K Anderson freebsduser at
Wed Aug 20 19:49:02 PDT 2003

Harry Veltman wrote:
> After installing FreeBSD 4.8 into an unpartitioned free-space, it states
> that the installation was successful, but when I start the computer and
> press F3 to load FreeBSD instead of NT 4, it finally wants me to enter my
> user name and password.  After doing so, it displays a "$" sign and a
> blinking space which waits for me to enter a command, but I have no clue
> what it wants me to enter.  If I enter / is states "permission is denied."
> Installation instructions state "always restore the BIOS to natural drive
> numbering before installing FreeFSD..."  Will you please tell me how to do
> that?
Being able to log in to the system is a good thing. The next thing is, 
and i'm barrowing from M$, Where do you want to go today? Do you want to 
run X Windows? Then install the X Windows stuff. Do you want to go do 
image processing? Then go in to /usr/ports/graphics/gimp1 (you should 
have installed the ports collection information). It all depends on what 
you want to do. As for the / producing "permission is denied" that's 
normal (I think) because it does it on mine. If by chance you did 
install ports go in to /usr/ports/misc/instant-workstation/ and read the 
Makefile and pkg-descr files. One tells you what it going to be 
installed and what is needed to make it work and the pkg-descr file 
tells you what the port is about (i.e. its function and other information).

>  I can't find a clue in BIOS Setup or in Windows.  Could that have
> anything to do with my problem getting FreeBSD to load?  I installed it from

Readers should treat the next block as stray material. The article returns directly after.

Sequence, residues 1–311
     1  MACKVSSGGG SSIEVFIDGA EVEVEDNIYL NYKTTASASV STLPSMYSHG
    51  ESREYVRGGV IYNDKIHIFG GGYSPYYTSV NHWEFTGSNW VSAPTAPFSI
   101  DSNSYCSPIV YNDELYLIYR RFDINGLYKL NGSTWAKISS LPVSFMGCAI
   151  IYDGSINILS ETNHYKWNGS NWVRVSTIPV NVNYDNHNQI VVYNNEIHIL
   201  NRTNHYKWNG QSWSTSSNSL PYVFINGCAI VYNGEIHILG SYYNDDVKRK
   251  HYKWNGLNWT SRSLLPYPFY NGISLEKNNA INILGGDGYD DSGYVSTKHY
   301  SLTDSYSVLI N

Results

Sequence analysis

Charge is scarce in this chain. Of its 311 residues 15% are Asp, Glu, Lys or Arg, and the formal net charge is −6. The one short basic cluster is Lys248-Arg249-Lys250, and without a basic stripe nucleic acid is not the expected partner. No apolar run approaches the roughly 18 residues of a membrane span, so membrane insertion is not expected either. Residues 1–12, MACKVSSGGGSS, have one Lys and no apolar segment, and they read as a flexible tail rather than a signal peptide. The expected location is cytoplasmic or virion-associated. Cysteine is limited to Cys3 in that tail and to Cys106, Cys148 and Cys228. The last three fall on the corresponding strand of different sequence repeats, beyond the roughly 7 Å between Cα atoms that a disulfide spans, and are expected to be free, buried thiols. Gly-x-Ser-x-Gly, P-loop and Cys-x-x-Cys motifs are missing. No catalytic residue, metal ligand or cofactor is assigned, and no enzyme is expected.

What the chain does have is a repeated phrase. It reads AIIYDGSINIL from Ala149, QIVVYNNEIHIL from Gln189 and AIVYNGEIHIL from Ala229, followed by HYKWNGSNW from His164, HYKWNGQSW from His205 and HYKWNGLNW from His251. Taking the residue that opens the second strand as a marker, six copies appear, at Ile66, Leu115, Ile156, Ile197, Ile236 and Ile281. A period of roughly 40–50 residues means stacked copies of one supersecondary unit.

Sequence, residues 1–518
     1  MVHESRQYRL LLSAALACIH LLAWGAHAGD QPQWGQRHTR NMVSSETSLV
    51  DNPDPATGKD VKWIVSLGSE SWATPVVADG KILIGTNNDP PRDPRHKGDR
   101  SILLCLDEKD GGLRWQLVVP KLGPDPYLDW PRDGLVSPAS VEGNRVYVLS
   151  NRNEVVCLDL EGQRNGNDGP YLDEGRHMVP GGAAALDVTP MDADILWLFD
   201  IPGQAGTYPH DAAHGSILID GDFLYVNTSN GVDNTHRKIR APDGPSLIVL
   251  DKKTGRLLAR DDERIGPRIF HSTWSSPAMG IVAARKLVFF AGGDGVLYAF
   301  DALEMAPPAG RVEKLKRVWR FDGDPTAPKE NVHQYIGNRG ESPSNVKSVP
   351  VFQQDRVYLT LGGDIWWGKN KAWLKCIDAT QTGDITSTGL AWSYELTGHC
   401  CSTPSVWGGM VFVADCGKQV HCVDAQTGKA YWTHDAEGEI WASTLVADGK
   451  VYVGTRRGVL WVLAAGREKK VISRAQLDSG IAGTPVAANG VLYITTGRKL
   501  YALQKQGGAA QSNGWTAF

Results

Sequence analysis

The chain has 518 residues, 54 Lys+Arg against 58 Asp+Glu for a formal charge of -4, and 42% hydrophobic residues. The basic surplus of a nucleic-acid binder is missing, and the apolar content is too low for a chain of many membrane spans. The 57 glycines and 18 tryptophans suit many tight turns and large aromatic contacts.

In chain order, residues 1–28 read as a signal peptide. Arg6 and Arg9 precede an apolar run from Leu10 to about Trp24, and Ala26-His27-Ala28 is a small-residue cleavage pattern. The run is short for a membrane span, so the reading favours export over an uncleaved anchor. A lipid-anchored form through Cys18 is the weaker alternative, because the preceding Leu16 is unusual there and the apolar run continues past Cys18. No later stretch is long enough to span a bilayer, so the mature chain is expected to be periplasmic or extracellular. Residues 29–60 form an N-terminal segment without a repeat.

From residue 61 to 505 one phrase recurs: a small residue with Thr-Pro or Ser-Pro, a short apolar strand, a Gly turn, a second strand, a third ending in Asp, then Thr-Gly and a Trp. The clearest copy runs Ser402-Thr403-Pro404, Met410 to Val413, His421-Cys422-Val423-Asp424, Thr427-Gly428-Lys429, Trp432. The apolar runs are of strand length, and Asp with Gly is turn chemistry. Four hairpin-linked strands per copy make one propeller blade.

> a CD-ROM I bought.  I've spent two days re-installing it several times and
> trying different things.  I have read part of the FreeBSD Handbook about
> installation.  On a previous installation, it stated "WARNING:  / was not
> properly dismounted," but my recent installation gave no such warning or
> error messages.
When you get / was not properly dismounted it usually means that the 
file system (or the computer) was not shut down properly. You did good 
in getting it installed.

 >  Installing FreeBSD is very frustrating.  I'm trying to find
> a good, cheap OS as an alternative to buying a new Apple with OS X Jaguar,
> or
> upgrading my NT 4 to Windows 2000.  I thought FreeBSD might be the solution
> after reading about it, but it doesn't work.  If I have trouble installing
> an OS, it isn't my fault.  I can follow explicit instructions.  I have
> installed Windows NT 4
> many times, and it works even though it didn't come with explicit
> instructions either.  I have installed Red Hat Linux 7.2 several times.  It
> installs easy from CD-ROM, but won't run my printer, and won't access the
> internet without great difficulty, then it won't access any URL.  Thanks.
Yep installing FreeBSD can be frustrating, but as I said before if you 
were able to log in to the system you did good. As long as you were able 
to start up Windows still that's even better. The frustration can be 
reduced by reading the documentation (if you installed it along with 
other items) as well as ensuring that all  your hardware is on the 
FreeBSD compatability list.

Did you read the information on printing? It's there. Since anything 
*nix isn't Windows it takes a little more effort to do it all but once 
you make it past those points you're all good to go and stuff. Are you 
using a modem or something more high speed like DSL or cable? Find the 
PPP primer if you are using a modem, if not that for DSL and cable it is 
just  a matter of reading some information about rc.conf (man rc.conf).

Hope some of this helps you get going.

Good luck.

More information about the freebsd-questions mailing list